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The only components that come with this game is a big deck of cards, each of which has one of six shapes in one of six colors. Three cards are dealt face up to the center o fthe table. The rest of the cards are dealt out to the players, who shuffle them and hold them face down in one deck. This is a speed game where the goal is to get rid of all your cards first. The rules of play are thus: deal out three cards, see if your three cards and the three cards in the center have the "Toppo" property; if they don't, sweep your three cards back onto the bottom of the deck. (The "Toppo" property means that there is a way to put your three cards on the three public cards such that each of your cards shares at least one property -- color or shape -- with the card it is on.) If your cards have the Toppo property, you call out "Toppo", everybody stops, and you demonstrate the property, which not only lets you get rid of three cards, but changes the public cards for everyone else. You may also, without interrupting the flow of the game, put a card that matches a public card in two attributes onto that public card. Finally, to keep the game from getting stuck, players may shuffle their own deck during the frenzy if they so wish, although this usually doesn't happen unless you've gone through your deck a few times without being able to get rid of anything.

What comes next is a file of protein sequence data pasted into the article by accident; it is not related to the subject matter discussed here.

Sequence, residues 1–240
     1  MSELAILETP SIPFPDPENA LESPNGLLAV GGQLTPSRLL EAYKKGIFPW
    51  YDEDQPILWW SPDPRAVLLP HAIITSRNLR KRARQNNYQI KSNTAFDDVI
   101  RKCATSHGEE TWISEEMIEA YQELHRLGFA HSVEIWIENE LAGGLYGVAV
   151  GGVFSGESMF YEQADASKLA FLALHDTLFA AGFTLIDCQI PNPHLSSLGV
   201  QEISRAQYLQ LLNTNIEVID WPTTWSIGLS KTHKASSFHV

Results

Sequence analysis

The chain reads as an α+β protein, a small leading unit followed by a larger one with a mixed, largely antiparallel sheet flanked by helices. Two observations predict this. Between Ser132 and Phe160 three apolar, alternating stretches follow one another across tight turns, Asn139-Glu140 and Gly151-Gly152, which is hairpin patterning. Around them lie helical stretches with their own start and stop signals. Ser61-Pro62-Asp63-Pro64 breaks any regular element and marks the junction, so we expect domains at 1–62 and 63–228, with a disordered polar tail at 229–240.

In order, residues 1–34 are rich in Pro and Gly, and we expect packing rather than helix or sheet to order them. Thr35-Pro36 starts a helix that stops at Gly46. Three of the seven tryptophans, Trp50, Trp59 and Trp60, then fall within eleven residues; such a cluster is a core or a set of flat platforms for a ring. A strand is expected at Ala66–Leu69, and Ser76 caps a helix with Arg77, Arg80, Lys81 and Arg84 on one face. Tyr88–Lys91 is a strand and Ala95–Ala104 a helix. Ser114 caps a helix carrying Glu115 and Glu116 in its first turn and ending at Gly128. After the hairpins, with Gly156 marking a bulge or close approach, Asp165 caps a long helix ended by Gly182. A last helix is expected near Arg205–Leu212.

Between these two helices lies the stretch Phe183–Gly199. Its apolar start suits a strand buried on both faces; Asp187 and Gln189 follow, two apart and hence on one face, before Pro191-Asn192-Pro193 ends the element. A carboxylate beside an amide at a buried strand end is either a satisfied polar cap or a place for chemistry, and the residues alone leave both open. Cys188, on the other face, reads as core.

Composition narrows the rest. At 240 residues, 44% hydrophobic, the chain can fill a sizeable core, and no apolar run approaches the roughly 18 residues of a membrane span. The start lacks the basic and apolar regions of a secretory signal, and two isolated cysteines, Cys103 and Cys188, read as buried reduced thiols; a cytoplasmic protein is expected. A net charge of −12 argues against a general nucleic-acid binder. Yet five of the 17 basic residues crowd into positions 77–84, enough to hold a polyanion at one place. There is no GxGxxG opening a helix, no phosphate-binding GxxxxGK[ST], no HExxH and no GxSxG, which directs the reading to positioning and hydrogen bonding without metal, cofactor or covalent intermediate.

The rules take a while to explain and get used to, but once everyone understands them, the game flows rather smoothly, and is pretty addictive to boot. Although some players are naturally going to better than others, it's surprisingly simple to handicap the players (unlike the classic game of Set, which is impossible to handicap in a satisfactory way). One thing that stymied us for a bit was that the shapes had some texture mapping on it that had no gameplay function. But then we deduced that they were there for the benefit of color-blind players. What excellent forethought!
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